Stanislav Blaha (ODS), Member of the Committee
I see two priorities for the Ministry of Defence this year. The first one is to continue the acquisition processes from last year and to implement them gradually. There should also be modernisation of armaments, for example in the construction of the 7th Mechanised Brigade.
The second priority is clearly the purchase of CV90 IFV vehicles. At the end of last year, the Ministry signed a Memorandum of Understanding with the Swedish counterpart, which formalises the contractual relationship between our governments and the vehicle manufacturer. According to the memorandum, the acquisition contract could be concluded this spring. It is crucial for the ministry and our military that the acquisition proceeds in an orderly manner and in the shortest possible time.
The purchase of the UH-1Y Venom and AH-1Z Viper helicopters, Heron 1 drones and the SHORAD air defence system should definitely be completed. A decision should also be taken on the future direction of the supersonic air force through the acquisition of F-35 aircraft. I believe that these projects are important for Czech security in view of the current security crisis in Europe.
Jiří Horák (KDU-ČSL), Member of the Committee
In 2023, I consider the biggest priority for the defence sector to be making significant progress in the modernisation of our Army. It is no secret that our Army has been significantly underfunded for many years and its military equipment is in a truly trivial state. This is directly related to your second question, concerning acquisitions this year. It is absolutely essential to move forward fundamentally this year with the acquisition of infantry fighting vehicles (IFVs) and fighter aircraft. In the case of the IFVs, representatives of our state are currently negotiating intensively with Swedish partners on the purchase of 210 of these vehicles, and by the end of January we can expect an offer from the Swedish side, which will then be assessed by the Czech side. According to the signed memorandum, the final contract could be signed by the end of May this year, with at least 40% of the total contract to be shared by the Czech defence industry. In my opinion, the acquisition of the IFVs will fundamentally strengthen the operational capabilities of the ground forces of our Army, whether on the territory of the Czech Republic or in foreign operations. As regards the acquisition of fighter aircraft, as is well known, the Czech side is negotiating with its American counterparts on the purchase of 24 F-35s. Here, the negotiations are only at an early stage and it will be a success if there is a significant shift in negotiations this year. Beyond these two strategic acquisitions, I consider the delivery of the first eight Venom multi-role helicopters and four Viper attack helicopters to be important this year. According to the available information, the American side will donate another eight operational machines to us and our army should have 20 American helicopters this year.
Karel Krejza (ODS), Member of the Committee
I consider the construction of the heavy brigade to be a priority for 2023. Changes in the budget have been arranged for this purpose. Crucially, this is not a one-off increase, but a pro-growth trend. According to the plan, in 2023, 2024, 2025, from 1.52% of GDP to 1.66% of GDP, or up to 1.89% of GDP. We are approaching 2%. But it is important to distinguish the budget – the highest increase in the volume of funding is in programme funding from 31% to 44%, i.e. armaments, and the decrease is in mandated expenditure, pensions and current expenditure. For the construction of the heavy brigade, which is currently a priority, the increase in funding is sufficient. Investment in complete weapon systems will be necessary in future years.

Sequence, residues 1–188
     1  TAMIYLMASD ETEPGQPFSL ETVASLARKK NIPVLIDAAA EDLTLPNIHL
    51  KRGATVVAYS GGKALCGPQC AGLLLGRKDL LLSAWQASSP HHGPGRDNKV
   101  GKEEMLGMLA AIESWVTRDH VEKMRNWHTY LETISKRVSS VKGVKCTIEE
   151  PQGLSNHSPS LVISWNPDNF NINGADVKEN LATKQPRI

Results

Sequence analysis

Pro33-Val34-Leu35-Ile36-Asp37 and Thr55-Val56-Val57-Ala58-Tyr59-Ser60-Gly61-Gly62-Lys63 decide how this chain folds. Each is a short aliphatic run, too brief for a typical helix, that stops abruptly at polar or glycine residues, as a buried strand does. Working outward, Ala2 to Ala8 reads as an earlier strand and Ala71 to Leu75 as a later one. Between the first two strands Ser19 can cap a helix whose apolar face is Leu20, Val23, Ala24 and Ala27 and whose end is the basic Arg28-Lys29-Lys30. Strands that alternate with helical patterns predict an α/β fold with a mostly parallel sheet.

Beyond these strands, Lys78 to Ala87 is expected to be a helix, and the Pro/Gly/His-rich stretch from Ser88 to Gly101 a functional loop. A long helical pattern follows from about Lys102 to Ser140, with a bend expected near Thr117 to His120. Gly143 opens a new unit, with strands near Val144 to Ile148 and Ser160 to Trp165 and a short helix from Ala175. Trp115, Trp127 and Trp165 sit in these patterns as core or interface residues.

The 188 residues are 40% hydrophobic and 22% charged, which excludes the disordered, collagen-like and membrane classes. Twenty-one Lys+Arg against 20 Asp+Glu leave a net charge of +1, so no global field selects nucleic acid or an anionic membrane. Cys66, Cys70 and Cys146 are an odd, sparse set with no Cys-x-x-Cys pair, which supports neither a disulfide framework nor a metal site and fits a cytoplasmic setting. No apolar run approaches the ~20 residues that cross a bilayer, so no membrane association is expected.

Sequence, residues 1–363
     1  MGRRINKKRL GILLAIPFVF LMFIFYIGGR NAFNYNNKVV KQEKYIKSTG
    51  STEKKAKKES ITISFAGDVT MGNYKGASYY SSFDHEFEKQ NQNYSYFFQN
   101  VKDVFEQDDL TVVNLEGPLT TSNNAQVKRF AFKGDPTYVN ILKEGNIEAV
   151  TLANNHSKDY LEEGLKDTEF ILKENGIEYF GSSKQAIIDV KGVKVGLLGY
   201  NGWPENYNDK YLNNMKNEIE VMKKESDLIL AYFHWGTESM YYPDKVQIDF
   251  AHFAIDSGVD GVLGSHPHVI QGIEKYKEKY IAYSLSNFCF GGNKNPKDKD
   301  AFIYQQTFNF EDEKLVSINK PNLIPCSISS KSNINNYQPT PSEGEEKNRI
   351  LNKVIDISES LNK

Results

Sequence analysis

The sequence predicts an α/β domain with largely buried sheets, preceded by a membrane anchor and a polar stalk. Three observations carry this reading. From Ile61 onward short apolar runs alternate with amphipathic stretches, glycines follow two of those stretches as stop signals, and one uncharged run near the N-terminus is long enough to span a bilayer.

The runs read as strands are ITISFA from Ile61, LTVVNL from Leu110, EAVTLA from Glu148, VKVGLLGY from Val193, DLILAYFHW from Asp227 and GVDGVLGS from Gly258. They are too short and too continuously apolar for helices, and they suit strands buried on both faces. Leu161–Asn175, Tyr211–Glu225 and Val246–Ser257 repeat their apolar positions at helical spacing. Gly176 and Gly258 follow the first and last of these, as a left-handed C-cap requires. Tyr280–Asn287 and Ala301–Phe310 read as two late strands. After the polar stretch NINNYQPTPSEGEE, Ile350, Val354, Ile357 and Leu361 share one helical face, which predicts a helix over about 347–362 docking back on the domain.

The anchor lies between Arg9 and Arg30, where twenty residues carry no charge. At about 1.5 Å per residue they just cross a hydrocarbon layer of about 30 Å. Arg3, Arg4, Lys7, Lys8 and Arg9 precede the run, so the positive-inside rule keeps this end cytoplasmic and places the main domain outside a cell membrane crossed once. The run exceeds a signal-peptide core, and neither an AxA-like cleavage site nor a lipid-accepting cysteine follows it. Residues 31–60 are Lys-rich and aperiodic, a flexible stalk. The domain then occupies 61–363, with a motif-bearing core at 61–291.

Michal Ratiborský (ANO), Member of the Committee
I will mention here the actions that have not been signed and, in my view, should be signed this year, so as not to limit or even jeopardise the future defence and protection of our country. The number one priority is clearly the signing of the contract with the IFV supplier. The Minister of Defence was very critical of the previous Government and Minister's approach (selecting from three suppliers) and decided to cancel the tender and approach the Swedish manufacturer BAE directly with the guarantee of the Government of Sweden. As was said at the committee today, even this route is not and will not be as easy as it may have seemed. It will not be a bilateral government x government contract, but the BAE supplier must be part of the contract directly. So I just firmly believe that the MoD, led by the mistress, will see this through so that her criticism does not have to be directed at her own nest later.
In fact, everything that was started by the previous government remains to be done in 2023. The multi-purpose helicopters will be supplemented with additional units in compensation for the Mi-24s delivered by our side, the extension of the MADR military trials will hopefully not delay the inclusion in the armament of the Czech Armed Forces, and the same for the passive DPET system. SHORAD, NATO gun with fire control system. These are all large projects where the Czech industry will be involved, but not significantly. That is why I am keeping a close eye on smaller actions where we are able to cover 100% of Czech production - hand grenades, RPGs and others – here I see attempts to outsource directly, simplistically without emphasizing what the MoD keeps proclaiming – quality, price and involvement of Czech manufacturers in the first place – quality is indisputable, but with price and maximum use of Czech manufacturers the MoD is currently in a bad way.